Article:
First publishedin Aggregates Business Europe
The use of reclaimed asphalt has increased over the past 30 years, and it is set to grow even more. Patrick Smith reports
In the USA, asphalt from roads is said to be the most recycled material. Figures show that up to 80% of that removed during widening or resurfacing projects is remixed to be used in new roads, sub-base, shoulders and embankments.
And in many European countries the use of reclaimed asphalt pavements (RAP) is common practice, having started more than 30 years ago. It is big business, with over 4,000 asphalt production sites and over 10,000 companies involved in the production or laying of asphalt.
Europe now produces some 25% of the world’s asphalt total (300million tonnes of hot mix asphalt and 5million tonnes of cold mixtures annually), and it is estimated that well over 50million tonnes of RAP is produced each year with, in some instances, over 70% of it being reused for road surfaces.
The goal should be to achieve 100%, says European Asphalt Pavement Association
(EAPA), which points out that RAP is 100% recyclable; it can be reused to produce new asphalt (in plant and in situ) and it can be recycled by using emulsions, foamed bitumen and by adding cement (in plant and in situ).
Equipment manufacturers now incorporate or offer options on plant that make it capable of recycling old asphalt. Ammann Group
says that it has a number of solutions at its disposal that will contribute towards achieving the global goals relating to CO2 reduction: lower operating temperatures and the use of as much recycled asphalt as possible.
It has industrialised a low-temperature asphalt technology in cooperation with Shell
and Kolo Veidekke
, WAM Foam asphalt, that has a production temperature of is 115°C, and it also claims to have produced the first asphalt mixing plant capable of producing quality aggregate from 100% reclaimed asphalt using a special parallel drum. Originally seen in north Germany, the unit had an improved drying and heating process that Amman claims increases efficiency in comparison to conventional parallel drums and enabled fuel savings of around 10%.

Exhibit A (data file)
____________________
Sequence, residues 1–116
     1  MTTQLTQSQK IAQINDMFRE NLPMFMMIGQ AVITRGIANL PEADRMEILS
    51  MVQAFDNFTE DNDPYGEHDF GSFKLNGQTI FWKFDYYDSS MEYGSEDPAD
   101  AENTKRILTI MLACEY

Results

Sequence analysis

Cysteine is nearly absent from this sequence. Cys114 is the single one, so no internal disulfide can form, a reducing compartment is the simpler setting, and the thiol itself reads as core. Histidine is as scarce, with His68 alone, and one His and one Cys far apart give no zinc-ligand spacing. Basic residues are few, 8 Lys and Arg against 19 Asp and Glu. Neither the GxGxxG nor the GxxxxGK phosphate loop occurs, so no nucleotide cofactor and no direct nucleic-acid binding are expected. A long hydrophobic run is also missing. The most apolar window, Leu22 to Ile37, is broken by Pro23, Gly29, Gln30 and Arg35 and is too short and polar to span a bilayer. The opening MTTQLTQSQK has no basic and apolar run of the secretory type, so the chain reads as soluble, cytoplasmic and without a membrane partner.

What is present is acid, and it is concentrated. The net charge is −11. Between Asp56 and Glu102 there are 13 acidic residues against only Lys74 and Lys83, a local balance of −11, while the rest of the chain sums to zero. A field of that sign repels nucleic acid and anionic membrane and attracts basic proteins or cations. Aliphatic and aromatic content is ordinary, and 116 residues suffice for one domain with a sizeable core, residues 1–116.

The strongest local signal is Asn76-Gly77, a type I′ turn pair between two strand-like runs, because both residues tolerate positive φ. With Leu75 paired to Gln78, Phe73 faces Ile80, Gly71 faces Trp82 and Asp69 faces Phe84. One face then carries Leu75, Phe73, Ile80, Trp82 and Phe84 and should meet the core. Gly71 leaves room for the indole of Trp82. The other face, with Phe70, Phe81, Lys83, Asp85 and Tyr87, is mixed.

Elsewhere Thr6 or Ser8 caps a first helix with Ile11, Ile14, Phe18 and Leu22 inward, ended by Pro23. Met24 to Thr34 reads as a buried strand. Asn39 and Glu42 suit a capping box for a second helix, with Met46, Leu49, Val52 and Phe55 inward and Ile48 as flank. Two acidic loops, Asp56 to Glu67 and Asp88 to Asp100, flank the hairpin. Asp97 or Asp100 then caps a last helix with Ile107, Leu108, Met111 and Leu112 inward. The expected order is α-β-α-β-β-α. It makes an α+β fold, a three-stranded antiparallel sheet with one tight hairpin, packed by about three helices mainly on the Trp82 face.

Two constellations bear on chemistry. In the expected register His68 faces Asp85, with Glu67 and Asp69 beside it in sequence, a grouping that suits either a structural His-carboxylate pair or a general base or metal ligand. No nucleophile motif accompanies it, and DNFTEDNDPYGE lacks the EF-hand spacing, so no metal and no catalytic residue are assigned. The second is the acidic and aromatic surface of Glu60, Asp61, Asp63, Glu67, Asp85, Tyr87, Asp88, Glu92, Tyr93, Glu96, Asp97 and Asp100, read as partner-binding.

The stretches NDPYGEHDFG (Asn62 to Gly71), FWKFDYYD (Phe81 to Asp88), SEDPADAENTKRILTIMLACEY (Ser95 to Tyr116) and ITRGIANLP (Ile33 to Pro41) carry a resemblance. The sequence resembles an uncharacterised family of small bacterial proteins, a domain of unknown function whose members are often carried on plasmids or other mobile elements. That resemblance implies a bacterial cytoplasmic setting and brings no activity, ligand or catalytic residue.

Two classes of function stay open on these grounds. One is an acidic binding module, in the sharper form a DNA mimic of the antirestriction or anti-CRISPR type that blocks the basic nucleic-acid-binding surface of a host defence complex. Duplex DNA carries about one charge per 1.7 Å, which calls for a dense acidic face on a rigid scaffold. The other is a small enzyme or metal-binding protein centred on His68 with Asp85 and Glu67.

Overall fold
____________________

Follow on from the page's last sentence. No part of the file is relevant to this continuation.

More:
“The waste product of yesterday is increasingly becoming a valuable base material that is meanwhile used in many quality asphalt recipes,” says Ammann.
Professor André-Gilles Dumont, head of LAVOC
(the traffic and transport laboratory) at ETH Lausanne, Switzerland, says in a report in the Ammann company magazine: “Using large quantities of reclaimed asphalt is a different topic to low-temperature asphalts. We will soon be faced with a mountain of asphalt chunks that we will have to recycle, sooner or later. We have no choice but to improve aggregate mixes with a proportion of reclaimed asphalt, and we also have to be willing to recycle our layers more than once. Let’s not forget that the largest, albeit aged, current source of bitumen lies in the roads themselves.”
In the UK, construction company FM Conway
’s €11.5 million investment in its asphalt production facilities near London is said to be paying dividends.
The core of the operation is a new Benninghoven BA5000 asphalt plant featuring an innovative layout with a sophisticated parallel drum design that allows it to mix RAP along with fresh material to deliver a range of output grades. It is one of a few asphalt plants in the UK capable of using RAP, a development that has allowed the company to pursue its policy of boosting recycling and lowering its carbon footprint. The RAP is provided by FM Conway’s contracting arm.
“We have got five mills and we plane off the roadway ourselves. We screen it and make sure it has the right properties. We test it to make sure we have got a homogenous material,” says the site’s general manager, Tim Metcalf.
The dryer system for the fresh materials can handle up to 320tonnes/hour while the RAP is elevated through the plant at up to 240tonnes/hour. The quantities of RAP used in the mix vary, depending on factors such as available feed, throughput and the output specifications.
“In some materials we can go as high as 80%,” says Metcalf. While employing RAP as feed achieves important sustainability targets, Metcalf points out that the key driver for FM Conway using this in asphalt production is that it provides a highly cost-effective source of good quality material that helps boost the company’s profitability.
In the UK, there are only a few asphalt plants capable of handling RAP while in the Netherlands up to 30% of feed materials for asphalt production are from recycling processes, which makes sense for a country that has to import construction materials.